Glendale street renaming, traffic scofflaws catch eyes of readers this week

Re: The recent story about the Glendale City Council’s approval of a plan to rename a portion of Maryland Avenue as Artsakh Street.

Artsakh is a small geographical region in the south Caucasus mountains commonly known as Nagorno-Karabakh. Artsakh (Nagorno-Karabakh) is a disputed ethnic “island,” an area of about 40 miles by 40 miles lying totally within the Republic of Azerbaijan. The majority of its residents are people of Armenian descent.


From the late 1980s to May 1994 Armenia went to war with Azerbaijan to gain the geographical region called Artsakh (Nagorno-Karabath). To this day the region remains in serious ethnic-territorial conflict including presence of Armenian military forces with heavy weapons of war. The territorial ownership of Artsakh (Nagorno-Karabakh) remains in conflict between Armenians and Azerbaijanis.

Most importantly, Nagorno-Karabakh is internationally recognized as part of the Republic of Azerbaijan and the U.S. Department of State and several U.S. presidents have refused to acknowledge otherwise.


Four members of our Glendale City Council who voted to rename a portion of Maryland Avenue as Artsakh Street acted in obvious promotion of one participant’s position in a distant ethnic conflict.

In view of the background of Artsakh (Nagorno-Karabakh) as well as the official position of the United States on the conflict, at our local city of Glendale level it would clearly be wise to avoid appearances of support to either participant in that ethnic-territorial conflict. It is not the business of a mere city council in America to promote any side in any international conflict by renaming a street.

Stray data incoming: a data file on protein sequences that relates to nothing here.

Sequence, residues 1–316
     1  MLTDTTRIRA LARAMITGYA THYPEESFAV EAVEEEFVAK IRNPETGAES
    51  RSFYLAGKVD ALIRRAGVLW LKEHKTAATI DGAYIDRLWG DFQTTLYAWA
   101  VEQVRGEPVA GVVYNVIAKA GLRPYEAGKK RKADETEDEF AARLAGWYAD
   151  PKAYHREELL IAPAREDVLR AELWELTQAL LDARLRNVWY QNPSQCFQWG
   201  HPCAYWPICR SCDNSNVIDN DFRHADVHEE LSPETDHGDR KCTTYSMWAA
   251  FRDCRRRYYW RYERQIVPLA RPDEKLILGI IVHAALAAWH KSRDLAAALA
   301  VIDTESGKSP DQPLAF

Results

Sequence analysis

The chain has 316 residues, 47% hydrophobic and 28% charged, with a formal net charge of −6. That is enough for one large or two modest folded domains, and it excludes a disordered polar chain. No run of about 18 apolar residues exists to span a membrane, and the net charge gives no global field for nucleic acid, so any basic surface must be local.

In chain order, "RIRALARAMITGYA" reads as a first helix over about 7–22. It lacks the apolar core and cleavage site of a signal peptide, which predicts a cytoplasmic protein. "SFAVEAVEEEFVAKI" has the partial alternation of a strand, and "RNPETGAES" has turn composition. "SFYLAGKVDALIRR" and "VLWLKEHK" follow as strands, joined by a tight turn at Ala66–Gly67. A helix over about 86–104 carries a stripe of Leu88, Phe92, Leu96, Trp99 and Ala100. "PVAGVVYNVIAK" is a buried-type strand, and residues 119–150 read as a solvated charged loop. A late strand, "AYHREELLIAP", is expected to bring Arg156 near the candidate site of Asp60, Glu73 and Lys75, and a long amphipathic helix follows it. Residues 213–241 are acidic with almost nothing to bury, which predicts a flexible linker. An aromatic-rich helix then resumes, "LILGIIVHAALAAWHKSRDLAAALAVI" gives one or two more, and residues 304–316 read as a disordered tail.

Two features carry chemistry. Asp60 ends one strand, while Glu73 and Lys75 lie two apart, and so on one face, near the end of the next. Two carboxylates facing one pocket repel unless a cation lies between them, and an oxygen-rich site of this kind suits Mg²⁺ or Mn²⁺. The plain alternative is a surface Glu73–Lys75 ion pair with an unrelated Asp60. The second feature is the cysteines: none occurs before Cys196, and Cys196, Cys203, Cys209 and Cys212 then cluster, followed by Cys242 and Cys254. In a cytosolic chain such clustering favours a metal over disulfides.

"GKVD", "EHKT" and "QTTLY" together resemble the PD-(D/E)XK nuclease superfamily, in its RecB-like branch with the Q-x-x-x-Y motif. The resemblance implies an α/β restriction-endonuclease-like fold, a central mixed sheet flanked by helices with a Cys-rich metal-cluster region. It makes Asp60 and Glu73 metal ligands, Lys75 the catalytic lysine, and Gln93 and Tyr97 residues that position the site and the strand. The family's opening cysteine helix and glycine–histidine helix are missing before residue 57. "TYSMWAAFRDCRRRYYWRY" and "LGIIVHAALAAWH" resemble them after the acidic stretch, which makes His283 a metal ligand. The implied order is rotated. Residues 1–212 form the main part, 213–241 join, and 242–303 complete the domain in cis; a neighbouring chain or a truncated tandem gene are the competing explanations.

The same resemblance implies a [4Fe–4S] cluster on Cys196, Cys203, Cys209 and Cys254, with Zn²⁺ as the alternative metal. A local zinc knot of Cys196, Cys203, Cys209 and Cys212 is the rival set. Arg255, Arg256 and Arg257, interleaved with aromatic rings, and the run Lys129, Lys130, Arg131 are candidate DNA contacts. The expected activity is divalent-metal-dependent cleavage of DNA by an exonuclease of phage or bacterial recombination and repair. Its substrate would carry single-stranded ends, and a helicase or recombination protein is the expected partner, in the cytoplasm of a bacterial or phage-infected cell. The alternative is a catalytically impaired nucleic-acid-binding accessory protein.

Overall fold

If our present City Council still insists on renaming a street in Glendale they might consider renaming a street as Mount Ararat.

Mount Ararat is that very beautiful snow-capped dormant volcano which is visible to the south from Yerevan and which seems to be a national symbol of Armenia, but which happens to be within a geographical region in the east of the Republic of Turkey.

D. A. Bathker



I am a retired television executive. I play golf and fly a little airplane, so I have some time on my hands.

Every evening I walk my chocolate Lab, Buddy, back and forth along Cumberland Road between Columbus Avenue and Ridgway Drive and therefore cross the intersection of Cumberland Road and Pacific Avenue twice. That intersection has a stop sign on all four corners. An all-way stop.

I noticed that traffic seldom comes to a complete stop and in many instances hardly even slows down. I am not a Glendale Police Department traffic officer, but I do know when wheels stop turning.

So I decided to do my own little traffic survey. On Monday, July 16, between 4:30 and 5:30 p.m., I sat in my lawn chair at the corner in the shade and counted cars that came to a complete stop, almost stopped and those that made no attempt to stop.

Here are the results:

271 total cars, amazing for a residential neighborhood;

68 cars came to a complete stop;

167 almost stopped — a rolling or “California Stop”;

36 never came close to stopping.

A friend of ours recently received a ticket for rolling through a stop sign in Glendale and the fine was $307. That is 203 missed opportunities for a teaching moment, as well as lost revenue.

I know that the Glendale Police Department’s traffic enforcement team is overwhelmed by the number of drivers with little or no regard for the law. This is just a small, one-hour example of that problem.

Jim Kussman